Last year’s ALDS loss highlighted the Yankees’ need for starting pitching help. Brian Cashman almost immediately addressed that by trading for lefty James Paxton early in the offseason. It was clear, however, that Cashman wasn’t done. He wanted to add two quality starters to the rotation by spring training.
The second starter turned out to not be Patrick Corbin, but instead a returning J.A. Happ. The veteran agreed to a two-year, $34 million deal with an option on a third year if Happ reaches 165 innings or 27 starts in 2020.
Happ certainly doesn’t have the same star power as Corbin, but is a far less expensive option — which the Yankees value a lot lately — with an established ability to succeed in the Bronx, as his 163 ERA+ in pinstripes illustrates. Happ was solid for the Yanks in his 63.2 innings of work, but how will the 36-year-old fare over the next two seasons?
One negative reaction to the Happ signing was the age, and how a six-year deal for Corbin would end at the age Happ is today. The Yankees, however, elected to take the more financially safe move. To be fair, they didn’t settle on trying Domingo German in the rotation again. Happ is proven to be a solid pitcher, but the concern is whether that can continue as he approaches 40.
Happ’s ability to get outs at this stage in his career is widely credited to his high spin rate, particularly on his fastball, which saw a spike in usage in 2018. Happ threw his fastball 59.3 percent of the time last season, compared to 43 percent in 2017. His fastball remained around the same in terms of velocity (92.3 mph) as it has over the past three seasons, but his hard hit percentage against the fastball went down.
Due to the success of his fastball, he threw his sinker significantly less than he did last year. With an average spin rate of 2,334 rpm on his fastball, Happ finds himself around the top 20 in the league among starters. Combining a spin rate like that and above average control means a 92 mph fastball can feel more like 95 to opposing hitters. That spin rate, however, has been slowly but surely dropping in recent years.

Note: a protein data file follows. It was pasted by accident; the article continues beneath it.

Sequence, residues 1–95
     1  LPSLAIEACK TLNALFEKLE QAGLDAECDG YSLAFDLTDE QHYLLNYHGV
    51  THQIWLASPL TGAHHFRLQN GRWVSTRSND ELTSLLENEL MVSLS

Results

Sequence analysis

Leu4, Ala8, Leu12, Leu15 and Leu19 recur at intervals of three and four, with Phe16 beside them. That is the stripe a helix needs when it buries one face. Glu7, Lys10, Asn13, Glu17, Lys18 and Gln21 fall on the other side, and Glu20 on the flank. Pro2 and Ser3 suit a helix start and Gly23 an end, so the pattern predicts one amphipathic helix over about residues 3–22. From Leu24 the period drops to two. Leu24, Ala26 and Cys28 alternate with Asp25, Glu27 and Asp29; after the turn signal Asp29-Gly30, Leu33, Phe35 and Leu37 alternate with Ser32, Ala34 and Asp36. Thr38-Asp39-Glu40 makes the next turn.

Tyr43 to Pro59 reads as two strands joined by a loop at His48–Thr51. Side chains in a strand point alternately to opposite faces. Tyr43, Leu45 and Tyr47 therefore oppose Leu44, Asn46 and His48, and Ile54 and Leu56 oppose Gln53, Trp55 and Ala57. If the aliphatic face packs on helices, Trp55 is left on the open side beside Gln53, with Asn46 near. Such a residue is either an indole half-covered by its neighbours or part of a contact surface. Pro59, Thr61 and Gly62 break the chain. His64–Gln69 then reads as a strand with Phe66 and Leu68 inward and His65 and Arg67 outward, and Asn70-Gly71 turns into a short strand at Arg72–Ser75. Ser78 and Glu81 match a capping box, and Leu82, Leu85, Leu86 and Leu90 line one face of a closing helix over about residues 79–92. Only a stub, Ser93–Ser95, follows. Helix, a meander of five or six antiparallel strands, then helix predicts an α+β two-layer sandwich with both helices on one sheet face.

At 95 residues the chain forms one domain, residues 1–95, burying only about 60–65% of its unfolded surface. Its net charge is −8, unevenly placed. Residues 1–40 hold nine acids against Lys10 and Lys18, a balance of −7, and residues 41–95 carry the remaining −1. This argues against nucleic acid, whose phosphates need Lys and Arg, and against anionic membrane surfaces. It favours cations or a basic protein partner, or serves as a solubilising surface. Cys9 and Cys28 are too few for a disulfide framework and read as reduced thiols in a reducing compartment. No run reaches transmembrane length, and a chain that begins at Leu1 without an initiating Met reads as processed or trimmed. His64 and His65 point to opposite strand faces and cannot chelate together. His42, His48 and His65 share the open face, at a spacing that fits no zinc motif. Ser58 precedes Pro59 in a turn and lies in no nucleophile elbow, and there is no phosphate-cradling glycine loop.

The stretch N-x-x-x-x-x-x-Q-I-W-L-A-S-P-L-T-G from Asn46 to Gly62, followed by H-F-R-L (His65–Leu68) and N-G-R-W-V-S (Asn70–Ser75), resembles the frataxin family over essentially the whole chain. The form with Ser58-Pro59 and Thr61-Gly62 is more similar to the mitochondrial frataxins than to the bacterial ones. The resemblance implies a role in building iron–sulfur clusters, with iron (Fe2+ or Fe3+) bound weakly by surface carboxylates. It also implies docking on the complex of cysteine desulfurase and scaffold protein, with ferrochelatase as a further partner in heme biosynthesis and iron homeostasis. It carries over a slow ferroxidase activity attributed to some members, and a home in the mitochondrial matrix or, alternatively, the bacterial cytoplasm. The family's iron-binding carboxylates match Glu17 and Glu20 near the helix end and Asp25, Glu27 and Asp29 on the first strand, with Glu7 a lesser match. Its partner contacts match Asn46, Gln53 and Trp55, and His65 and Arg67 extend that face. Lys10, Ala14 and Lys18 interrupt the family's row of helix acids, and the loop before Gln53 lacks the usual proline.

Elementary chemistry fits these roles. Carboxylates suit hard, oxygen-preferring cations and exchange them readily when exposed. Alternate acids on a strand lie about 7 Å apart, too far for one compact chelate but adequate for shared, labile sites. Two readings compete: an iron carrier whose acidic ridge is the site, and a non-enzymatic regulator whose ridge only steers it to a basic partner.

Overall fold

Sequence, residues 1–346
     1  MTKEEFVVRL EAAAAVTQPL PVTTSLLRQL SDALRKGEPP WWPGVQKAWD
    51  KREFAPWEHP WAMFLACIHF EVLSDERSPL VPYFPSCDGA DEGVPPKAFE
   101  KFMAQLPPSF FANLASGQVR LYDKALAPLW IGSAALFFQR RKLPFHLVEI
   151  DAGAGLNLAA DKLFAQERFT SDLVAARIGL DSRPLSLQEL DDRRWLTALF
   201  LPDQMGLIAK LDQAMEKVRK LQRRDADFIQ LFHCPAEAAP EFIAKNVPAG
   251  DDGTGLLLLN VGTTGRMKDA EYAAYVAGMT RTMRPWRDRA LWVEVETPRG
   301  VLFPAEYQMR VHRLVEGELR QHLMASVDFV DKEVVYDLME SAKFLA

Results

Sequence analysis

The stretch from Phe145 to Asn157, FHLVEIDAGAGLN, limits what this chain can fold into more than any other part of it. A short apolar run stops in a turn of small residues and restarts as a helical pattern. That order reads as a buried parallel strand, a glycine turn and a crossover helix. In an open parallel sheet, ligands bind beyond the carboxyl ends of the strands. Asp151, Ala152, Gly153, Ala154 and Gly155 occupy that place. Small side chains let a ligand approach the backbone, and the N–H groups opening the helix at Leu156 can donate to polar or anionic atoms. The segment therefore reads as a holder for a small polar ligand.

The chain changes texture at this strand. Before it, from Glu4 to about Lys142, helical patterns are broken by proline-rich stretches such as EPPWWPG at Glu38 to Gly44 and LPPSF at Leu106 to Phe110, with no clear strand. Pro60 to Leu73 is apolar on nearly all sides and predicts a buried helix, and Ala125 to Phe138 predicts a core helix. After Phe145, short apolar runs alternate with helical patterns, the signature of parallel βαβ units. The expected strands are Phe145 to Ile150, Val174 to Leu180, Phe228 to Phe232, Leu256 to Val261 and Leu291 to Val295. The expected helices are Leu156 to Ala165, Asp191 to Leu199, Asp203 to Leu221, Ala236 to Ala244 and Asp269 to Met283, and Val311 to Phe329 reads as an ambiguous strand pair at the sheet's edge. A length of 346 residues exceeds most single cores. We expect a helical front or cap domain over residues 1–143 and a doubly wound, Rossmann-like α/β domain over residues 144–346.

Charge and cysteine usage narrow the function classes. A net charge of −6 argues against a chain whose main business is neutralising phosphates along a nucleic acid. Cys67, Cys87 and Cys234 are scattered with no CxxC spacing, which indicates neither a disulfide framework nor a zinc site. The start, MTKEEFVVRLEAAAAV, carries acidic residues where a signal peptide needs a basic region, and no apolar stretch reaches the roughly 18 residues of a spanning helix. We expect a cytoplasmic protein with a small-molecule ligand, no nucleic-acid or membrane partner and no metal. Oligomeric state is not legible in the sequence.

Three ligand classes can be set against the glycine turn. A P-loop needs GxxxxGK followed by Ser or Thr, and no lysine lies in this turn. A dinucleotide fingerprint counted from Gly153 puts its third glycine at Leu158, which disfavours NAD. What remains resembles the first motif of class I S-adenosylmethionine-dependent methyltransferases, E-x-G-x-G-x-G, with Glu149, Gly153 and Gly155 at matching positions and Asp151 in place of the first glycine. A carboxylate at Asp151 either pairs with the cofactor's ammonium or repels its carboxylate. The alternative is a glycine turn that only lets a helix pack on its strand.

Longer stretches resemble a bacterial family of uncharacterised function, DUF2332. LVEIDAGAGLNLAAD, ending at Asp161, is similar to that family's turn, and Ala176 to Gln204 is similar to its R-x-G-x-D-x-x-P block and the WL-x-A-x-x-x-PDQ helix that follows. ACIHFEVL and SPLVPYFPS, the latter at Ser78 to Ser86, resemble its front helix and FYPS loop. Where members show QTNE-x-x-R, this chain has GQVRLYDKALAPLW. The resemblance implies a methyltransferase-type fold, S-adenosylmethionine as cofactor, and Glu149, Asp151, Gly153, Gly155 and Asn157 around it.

Happ’s 2.6 BB/9 certainly helps with a declining spin rate. As pitching minds like Greg Maddux have explained, location is top priority. However, a decreasing spin rate for a fastball-heavy pitcher like Happ leaves less room for error. His sinker saw a more rapid decline in spin rate, which could account for its decreased usage in 2018.
With this in mind, there is certainly a reason to be concerned about Happ’s production moving forward, as their is with almost any other starter who signs a multi-year deal after his 35th birthday. We’ve seen lefties, specifically on the Yankees, reinvent themselves and enjoy productive ends to their careers (hello CC Sabathia and Andy Pettitte). If Happ’s current spin rate trends continues, the Yankees would need him to follow a similar path.